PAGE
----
February 15, 2012

Meditation Month: Practicing Patience

mike taylor tricycle patienceI consider myself to be a very patient person. I'm patient with my friends, my family, my colleagues—I'm patient while waiting for a red light to change, and patient when the bank representative puts me on hold for 13 minutes. But I'm not patient with myself. If I do not learn something quickly, or I do not consider myself to be "good" at an activity, I throw in the towel almost immediately (it's why I don't play tennis or pool). This desire to improve by leaps and bounds has been challenging during meditation month. I expected that the more I sat, the easier it would get—actually, I thought the more I sat the better I would get at sitting. But so far it has been a roller coaster of good days, bad days, and worse days.

As I read through the article that today's Daily Dharma was selected from (the "The Joy of Effort," included in this month's meditation e-book), I found some helpful advice from Thanissaro Bhikkhu:

The key to maintaining your inspiration in the day-to-day work of meditation practice is to approach it as play—a happy opportunity to master practical skills, to raise questions, experiment, and explore. This is precisely how the Buddha himself taught meditation. Instead of formulating a cut-and-dried method, he first trained his students in the personal qualities—such as honesty and patience—needed to make trustworthy observations.

My goal for the next week of meditation is to take each day as it comes, without context or expectations. As Thanissaro Bhikkhu suggests, I will try to approach practice with a sense of play, an opportunity to challenge myself while also being patient as I develop a more skillful practice. It's not about being the best—there's no such thing when it comes to meditation. 

Throughout Meditation Month we'll be posting videos, audio interviews, articles, and tips from well-known Buddhist teachers. If you need more personal advice for your practice, "Meditation Doctor" and Zen teacher Brad Warner will be answering reader questions here all month. Our meditation e-book, free to supporting and sustaining members, includes 25 articles on meditation that will help you develop and maintain your meditation practice. You can download the Tricycle Teachings: Meditation e-book here.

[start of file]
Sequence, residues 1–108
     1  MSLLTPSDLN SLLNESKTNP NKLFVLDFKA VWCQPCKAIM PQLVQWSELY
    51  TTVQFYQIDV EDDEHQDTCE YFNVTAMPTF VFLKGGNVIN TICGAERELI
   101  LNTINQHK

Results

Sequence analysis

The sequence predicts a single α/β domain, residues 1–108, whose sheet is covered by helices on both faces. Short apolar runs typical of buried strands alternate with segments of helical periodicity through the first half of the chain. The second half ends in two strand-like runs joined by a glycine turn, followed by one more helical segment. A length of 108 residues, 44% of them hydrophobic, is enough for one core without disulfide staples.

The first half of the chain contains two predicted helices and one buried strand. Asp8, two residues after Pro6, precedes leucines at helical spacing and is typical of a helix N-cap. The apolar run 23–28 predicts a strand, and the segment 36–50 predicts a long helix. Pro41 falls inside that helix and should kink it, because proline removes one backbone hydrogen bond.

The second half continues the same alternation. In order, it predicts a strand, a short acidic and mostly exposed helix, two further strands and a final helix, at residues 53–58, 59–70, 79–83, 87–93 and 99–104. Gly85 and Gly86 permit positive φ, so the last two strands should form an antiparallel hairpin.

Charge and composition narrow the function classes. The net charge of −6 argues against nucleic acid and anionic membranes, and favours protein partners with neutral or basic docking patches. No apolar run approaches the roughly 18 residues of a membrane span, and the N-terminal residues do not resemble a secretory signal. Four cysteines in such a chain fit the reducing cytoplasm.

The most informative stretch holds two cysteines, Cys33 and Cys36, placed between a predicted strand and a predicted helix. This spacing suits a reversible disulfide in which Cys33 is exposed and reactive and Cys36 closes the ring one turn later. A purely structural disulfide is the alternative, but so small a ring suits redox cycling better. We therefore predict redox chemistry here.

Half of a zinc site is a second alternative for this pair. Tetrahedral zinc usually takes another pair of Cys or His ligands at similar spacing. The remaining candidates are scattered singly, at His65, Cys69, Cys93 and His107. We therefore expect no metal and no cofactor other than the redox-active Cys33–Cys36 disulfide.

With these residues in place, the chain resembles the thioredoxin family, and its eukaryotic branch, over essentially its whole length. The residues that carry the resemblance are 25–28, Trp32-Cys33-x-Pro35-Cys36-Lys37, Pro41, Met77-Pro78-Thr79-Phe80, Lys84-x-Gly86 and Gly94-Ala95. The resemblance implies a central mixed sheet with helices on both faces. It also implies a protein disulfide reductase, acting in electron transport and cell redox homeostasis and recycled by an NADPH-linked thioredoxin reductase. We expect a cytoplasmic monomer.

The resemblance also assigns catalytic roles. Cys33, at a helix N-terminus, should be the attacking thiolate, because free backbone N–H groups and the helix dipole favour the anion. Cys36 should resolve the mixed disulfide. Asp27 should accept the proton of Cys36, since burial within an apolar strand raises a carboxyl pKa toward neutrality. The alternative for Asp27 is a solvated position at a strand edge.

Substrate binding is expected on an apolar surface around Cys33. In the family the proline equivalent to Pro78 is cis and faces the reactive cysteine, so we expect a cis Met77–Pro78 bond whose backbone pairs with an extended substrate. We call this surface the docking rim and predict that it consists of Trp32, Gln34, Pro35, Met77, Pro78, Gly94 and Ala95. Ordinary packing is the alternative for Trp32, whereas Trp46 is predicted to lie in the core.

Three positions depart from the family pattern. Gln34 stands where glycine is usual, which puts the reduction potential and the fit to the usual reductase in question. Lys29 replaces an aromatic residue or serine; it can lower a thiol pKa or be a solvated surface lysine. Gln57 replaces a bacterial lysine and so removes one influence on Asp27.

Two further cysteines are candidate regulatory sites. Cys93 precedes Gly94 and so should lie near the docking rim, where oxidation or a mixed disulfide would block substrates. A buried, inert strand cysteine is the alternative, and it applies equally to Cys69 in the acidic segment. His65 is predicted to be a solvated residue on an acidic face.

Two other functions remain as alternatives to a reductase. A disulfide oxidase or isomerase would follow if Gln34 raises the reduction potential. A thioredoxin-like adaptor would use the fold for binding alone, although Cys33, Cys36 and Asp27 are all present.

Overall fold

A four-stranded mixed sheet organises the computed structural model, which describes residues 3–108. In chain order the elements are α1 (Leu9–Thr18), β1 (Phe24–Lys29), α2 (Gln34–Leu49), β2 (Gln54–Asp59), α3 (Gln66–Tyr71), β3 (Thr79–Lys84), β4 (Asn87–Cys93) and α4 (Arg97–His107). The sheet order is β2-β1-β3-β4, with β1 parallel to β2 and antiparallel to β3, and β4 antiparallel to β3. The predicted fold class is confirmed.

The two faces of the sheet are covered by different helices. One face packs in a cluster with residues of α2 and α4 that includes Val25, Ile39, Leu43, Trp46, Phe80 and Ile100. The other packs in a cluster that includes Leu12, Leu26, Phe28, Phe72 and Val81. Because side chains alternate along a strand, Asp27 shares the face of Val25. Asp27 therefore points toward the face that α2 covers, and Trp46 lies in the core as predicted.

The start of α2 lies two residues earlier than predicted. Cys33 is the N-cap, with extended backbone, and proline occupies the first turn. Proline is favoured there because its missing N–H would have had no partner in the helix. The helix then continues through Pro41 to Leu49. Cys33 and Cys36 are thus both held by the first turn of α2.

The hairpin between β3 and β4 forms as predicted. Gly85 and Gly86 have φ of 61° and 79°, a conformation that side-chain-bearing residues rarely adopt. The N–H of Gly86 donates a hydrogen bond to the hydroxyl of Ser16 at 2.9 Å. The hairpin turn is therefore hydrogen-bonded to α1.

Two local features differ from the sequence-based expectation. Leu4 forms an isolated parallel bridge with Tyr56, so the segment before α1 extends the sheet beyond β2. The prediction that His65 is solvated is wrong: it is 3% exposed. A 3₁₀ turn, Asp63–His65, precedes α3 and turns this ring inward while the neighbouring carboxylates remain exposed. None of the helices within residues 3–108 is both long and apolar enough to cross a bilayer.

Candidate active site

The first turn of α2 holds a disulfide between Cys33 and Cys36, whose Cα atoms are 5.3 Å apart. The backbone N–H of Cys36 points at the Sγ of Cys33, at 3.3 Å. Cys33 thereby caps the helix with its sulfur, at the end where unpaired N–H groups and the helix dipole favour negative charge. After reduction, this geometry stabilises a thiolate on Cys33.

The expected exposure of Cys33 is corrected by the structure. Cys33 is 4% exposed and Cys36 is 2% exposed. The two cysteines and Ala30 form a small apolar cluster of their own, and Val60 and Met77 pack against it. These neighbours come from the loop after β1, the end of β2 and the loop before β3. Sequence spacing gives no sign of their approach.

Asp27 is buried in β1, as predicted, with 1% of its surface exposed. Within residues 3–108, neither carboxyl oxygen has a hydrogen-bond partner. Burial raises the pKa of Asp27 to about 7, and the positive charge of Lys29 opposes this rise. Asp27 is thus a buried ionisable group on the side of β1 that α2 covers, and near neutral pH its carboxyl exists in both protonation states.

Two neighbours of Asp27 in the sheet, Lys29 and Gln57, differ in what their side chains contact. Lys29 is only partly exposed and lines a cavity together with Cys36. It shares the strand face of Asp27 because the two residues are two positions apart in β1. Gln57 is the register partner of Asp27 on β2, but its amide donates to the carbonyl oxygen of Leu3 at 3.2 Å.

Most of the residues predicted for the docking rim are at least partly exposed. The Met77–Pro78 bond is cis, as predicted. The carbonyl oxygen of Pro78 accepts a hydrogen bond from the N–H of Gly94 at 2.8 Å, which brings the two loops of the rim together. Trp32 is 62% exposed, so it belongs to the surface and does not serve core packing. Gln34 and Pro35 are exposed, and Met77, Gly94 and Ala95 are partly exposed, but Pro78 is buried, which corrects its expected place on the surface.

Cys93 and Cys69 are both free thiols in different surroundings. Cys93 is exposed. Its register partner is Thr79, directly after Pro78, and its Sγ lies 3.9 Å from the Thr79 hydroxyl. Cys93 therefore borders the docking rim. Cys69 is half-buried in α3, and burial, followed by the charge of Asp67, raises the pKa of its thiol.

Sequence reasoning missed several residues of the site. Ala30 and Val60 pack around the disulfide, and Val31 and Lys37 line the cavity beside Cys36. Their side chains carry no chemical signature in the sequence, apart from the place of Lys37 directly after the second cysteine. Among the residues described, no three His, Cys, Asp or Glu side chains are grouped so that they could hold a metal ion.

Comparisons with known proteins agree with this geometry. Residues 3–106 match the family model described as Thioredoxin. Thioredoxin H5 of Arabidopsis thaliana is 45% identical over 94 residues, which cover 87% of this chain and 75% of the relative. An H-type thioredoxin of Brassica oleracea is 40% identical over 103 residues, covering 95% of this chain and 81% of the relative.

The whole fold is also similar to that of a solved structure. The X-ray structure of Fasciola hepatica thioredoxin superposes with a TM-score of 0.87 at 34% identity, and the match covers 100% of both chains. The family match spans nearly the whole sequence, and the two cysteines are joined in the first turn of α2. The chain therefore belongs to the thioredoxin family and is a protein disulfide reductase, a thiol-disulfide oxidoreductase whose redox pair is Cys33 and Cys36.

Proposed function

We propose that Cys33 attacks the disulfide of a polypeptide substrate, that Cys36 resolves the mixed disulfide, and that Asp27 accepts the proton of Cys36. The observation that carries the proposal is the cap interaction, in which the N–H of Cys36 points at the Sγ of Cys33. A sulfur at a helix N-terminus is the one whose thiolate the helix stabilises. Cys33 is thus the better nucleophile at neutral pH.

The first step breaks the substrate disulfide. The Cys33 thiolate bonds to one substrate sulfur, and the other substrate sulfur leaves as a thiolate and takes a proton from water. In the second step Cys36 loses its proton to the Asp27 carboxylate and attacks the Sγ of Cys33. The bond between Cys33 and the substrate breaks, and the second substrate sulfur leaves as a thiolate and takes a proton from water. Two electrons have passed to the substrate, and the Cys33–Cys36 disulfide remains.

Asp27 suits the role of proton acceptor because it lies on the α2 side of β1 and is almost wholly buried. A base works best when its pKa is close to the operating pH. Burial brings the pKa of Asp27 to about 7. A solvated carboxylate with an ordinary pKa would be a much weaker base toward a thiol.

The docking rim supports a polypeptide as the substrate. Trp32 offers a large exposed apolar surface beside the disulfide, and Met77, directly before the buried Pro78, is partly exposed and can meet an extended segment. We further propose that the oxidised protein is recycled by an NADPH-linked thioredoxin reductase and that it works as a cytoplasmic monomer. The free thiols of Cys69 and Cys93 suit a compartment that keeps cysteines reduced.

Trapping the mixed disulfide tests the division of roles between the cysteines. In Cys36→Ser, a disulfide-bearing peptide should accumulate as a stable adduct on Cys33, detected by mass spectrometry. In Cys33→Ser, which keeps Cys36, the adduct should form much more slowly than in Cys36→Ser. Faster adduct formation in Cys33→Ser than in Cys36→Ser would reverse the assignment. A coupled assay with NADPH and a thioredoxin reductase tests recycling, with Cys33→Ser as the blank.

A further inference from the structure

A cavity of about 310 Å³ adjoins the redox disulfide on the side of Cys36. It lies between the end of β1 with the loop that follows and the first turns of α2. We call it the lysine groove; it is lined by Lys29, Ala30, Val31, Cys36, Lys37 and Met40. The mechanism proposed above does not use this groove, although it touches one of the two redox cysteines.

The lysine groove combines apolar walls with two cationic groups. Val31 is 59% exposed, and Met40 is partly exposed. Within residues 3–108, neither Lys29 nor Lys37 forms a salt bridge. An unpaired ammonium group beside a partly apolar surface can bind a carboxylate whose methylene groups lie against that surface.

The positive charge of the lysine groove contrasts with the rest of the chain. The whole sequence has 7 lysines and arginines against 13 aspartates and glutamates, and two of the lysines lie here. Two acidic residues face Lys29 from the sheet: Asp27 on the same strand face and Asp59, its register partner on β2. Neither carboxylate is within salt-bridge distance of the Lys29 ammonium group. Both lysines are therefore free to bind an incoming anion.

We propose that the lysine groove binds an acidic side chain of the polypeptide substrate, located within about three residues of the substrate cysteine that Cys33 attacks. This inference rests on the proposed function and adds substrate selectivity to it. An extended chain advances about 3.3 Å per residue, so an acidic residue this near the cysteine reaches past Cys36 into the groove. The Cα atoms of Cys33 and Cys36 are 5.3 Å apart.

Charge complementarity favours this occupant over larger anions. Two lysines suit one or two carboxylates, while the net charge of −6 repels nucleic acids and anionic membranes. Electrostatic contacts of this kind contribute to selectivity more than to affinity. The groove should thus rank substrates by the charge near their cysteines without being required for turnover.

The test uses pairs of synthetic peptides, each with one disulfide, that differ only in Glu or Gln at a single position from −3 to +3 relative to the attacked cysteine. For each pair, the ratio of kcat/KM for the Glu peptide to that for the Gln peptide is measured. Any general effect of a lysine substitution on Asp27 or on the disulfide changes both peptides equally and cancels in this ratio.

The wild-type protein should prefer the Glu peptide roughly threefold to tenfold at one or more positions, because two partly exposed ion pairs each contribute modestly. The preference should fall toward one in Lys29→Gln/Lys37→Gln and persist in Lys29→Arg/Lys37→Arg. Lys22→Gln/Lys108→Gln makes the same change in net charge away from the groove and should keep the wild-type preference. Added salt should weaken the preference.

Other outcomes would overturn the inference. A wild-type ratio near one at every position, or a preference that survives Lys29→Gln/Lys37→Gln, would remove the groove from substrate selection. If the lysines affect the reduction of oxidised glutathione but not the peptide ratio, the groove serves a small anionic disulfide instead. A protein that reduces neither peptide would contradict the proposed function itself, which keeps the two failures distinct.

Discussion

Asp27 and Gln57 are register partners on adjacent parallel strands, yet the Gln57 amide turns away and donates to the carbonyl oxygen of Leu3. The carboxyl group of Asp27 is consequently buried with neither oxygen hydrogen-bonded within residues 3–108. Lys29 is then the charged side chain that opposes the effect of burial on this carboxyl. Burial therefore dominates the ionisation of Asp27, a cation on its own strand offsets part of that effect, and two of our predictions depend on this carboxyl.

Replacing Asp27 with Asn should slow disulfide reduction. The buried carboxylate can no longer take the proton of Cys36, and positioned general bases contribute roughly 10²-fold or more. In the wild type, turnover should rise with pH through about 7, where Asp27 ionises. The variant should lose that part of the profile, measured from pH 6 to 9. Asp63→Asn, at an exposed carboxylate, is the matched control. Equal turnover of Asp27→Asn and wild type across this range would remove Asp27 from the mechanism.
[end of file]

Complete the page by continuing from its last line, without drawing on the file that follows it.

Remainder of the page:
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SSL's picture

I've found this month's Tricycle Book Club feature, "Patience: The Art of Peaceful Living" by Allan Lokos to be very helpful with the issue of meditation and patience. There is an audio interview with the author and an interesting discussion going on the book club page for "Patience".

The book has a wonderful chapter on "Patience with Self" as well as exercises and a meditation guide, including walking meditation, which I often find helpful when impatience issues arise for me.

richardson.npp's picture

I agree that the best way to go into anything, especially meditation, is to look at is as play. It is what you "get" to do, not what you "have" to. This will help anyone meditate better.

Kathryn123's picture

I think that most forms of meditation help to develop patience. I also am struggling with patience in my meditation practice. For two years I meditated about every day and I saw major benefits in my life. I was happier, more able to go with the flow and generally great to be around. Lately I've been having a difficult time sitting daily and I usually can't meditate for more than five minutes. I'm seeing repercussions in my daily life, and I was wondering if anyone has a bit of advice. I meditate primarily to reduce my stress levels, I guess maybe I need to let go of expectations and show up at the cushion.

JElfe's picture

I have an issue with being patient overall. Does anyone have a specific meditation that helps them with patience? Agreed, my practice has slacked a bit and I seem to be having more of a patience problem. Thanks for something to consider!

Sam Mowe's picture

You might want to drop by the book club discussion, where Allan Lokos is taking questions about exactly this topic. His new book is called Patience: The Art of Peaceful Living. Check it out here: